If you were interested in something that I didn't attend, notes from many of the sessions are up on the IOSVan wiki.
I am going to be one of the mentors of the Heraldry project that has been accepted for incubation at Apache. The initial goals for Heraldry are:
- Expansion of Yadis and OpenID libraries into additional languages beyond the existing Python, Ruby, Perl, and PHP libraries
- OpenID authentication specification revision to fix known security considerations, investigate compatibility with the DIX IETF proposal, describe Yadis integration, and allow either an URL or XRI be used as the End User’s Identifier
- Continue the development of a data transfer protocol on top of OpenID to allow the exchange of profile data as well as other secure messages
- Investigate existing mechanisms for profile exchange, namely Sxip 2.0 and SAML, and investigate how they would be layered atop OpenID
- Integration of the OpenID Authentication protocol with the Higgins framework to provide desktop integration
- Extension of OpenID to support non-browser based authentication use cases. ie authentication to a Subversion server, creation of mod_authnz_openid, using your OpenID Identity without modifying the svn client-side tool
I've been interested in the digital identity space for some time, and I''m looking forward to getting more directly involved. I hope that some of you will too, this is an important area.
This year Chris and Ponzi asked me to shoot some pictures during Gnomedex 6.0, so I spent a lot of Gnomedex running around with a camera in my hand. This post is the usual roundup of impressions of the conference. I'm going to write a second post about the photography experience.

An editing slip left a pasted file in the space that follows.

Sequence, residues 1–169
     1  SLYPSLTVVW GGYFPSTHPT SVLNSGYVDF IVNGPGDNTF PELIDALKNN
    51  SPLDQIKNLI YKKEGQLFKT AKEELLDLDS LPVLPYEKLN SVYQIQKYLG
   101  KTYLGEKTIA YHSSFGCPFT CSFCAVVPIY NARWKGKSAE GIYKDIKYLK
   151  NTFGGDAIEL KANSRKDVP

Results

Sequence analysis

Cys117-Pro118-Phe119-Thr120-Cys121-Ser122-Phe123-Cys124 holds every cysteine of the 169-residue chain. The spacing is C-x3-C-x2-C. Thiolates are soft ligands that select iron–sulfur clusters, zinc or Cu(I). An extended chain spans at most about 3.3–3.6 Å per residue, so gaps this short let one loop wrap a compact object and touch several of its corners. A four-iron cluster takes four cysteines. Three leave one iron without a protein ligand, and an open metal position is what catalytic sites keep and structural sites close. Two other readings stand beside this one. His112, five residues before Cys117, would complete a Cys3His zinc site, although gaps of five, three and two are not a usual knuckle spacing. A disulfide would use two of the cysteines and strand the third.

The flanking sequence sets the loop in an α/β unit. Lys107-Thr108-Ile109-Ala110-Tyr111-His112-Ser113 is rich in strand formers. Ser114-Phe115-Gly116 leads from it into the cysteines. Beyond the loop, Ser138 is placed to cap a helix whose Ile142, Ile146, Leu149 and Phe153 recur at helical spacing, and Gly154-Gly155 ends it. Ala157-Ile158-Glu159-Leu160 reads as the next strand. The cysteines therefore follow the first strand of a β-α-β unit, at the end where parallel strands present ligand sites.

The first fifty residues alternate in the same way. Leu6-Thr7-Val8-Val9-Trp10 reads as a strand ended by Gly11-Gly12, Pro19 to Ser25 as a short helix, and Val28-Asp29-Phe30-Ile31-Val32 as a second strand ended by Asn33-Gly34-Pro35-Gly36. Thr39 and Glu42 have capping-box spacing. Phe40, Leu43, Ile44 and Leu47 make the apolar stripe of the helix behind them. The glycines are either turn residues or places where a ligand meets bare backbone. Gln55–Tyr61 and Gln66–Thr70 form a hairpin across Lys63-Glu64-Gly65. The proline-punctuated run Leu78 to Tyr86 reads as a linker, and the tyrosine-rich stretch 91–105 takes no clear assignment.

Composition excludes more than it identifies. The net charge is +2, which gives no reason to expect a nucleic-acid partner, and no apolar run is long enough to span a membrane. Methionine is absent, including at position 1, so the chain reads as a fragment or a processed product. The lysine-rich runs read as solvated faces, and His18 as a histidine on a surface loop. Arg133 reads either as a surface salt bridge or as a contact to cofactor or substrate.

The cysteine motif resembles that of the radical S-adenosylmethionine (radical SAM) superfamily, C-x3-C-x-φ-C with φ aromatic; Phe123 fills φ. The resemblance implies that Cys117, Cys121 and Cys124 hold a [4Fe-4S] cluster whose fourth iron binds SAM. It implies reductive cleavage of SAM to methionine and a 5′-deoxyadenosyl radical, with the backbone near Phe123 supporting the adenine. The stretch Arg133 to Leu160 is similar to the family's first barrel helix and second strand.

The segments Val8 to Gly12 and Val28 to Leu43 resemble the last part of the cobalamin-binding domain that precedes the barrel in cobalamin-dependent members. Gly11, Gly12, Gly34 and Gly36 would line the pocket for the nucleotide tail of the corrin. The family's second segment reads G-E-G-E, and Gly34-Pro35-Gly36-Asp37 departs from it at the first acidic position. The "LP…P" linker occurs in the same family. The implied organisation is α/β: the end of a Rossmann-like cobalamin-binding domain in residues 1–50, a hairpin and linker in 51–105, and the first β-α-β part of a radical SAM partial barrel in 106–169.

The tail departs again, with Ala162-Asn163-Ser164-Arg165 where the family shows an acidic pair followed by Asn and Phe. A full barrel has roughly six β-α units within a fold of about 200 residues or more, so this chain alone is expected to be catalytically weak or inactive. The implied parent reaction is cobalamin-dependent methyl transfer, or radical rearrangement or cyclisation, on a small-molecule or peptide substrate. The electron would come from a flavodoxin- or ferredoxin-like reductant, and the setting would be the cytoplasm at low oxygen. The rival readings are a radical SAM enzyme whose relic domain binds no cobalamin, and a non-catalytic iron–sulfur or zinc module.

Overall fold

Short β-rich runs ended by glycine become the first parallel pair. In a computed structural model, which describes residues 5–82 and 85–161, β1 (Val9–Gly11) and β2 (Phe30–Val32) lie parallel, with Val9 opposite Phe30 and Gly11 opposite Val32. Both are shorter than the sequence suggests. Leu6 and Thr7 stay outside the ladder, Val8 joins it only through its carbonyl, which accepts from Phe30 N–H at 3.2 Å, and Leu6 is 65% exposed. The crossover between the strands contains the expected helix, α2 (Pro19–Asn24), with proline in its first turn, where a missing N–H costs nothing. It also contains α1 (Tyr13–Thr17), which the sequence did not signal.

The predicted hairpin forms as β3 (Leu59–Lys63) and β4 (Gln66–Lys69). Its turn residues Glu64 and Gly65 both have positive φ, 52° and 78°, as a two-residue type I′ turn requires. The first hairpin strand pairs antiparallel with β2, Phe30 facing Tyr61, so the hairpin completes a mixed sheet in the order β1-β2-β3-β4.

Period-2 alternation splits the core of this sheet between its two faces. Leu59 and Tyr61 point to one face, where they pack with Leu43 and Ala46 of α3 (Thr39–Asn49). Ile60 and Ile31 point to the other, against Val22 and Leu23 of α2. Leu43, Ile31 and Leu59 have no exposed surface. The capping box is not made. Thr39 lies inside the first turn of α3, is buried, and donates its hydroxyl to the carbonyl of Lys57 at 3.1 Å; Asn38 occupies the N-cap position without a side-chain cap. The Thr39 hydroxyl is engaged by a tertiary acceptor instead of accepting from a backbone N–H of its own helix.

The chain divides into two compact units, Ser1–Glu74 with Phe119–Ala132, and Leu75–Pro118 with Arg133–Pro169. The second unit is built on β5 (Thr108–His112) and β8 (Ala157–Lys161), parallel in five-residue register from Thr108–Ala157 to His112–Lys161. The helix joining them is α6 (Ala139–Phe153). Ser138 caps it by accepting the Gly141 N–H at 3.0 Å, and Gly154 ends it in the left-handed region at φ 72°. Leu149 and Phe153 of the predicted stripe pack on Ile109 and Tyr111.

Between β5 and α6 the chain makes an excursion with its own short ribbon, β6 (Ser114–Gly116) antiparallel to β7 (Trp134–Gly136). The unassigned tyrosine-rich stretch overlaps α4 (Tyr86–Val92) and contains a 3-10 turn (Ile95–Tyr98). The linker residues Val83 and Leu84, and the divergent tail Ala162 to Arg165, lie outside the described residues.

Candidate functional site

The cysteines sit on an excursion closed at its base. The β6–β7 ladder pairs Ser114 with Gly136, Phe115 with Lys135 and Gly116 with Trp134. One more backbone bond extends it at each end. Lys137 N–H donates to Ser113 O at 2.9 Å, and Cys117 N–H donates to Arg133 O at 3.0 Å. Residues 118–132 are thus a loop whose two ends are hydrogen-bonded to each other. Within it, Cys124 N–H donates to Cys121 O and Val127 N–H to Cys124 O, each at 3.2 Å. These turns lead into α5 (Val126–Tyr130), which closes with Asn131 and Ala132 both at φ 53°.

The appearance of John Edwards was one of the big deals of the show, hitting the front page of the Seattle Post Intelligencer over the weekend.
Lots of people seemed focused on whether or not Edwards was "their" candidate or not, and on whether or not he got it. Edwards got lots of props for admitting that it was very hard for him (and other politicians) to break out of the guarded facade that has been the standard for politicians for many years. I think that the public also has to break out of its old way of relating to and viewing politicians. Before Edwards arrived, Chris Pirillo pled with the audience to use this as an appearance as an opportunity to help Edwards learn about "us", the technology world and so forth. I was struck by how a conference full of bloggers slipped right into treating Edwards as a political expert and peppering him with questions about his positions. Since I was shooting the show for Chris, I got the chance to be in the green room with Chris, Ponzi, and Edwards both before and after Edwards went on stage. Afterwards, Chris was apologizing to Edwards because the discussion ended up being much more political and less of the educating that Chris was hoping for. Edwards turned to Chris and said "You know, you just can't stop them from asking the political questions". It seems that the public is as programmed as the politicians. Somehow we need a way to break the cycle.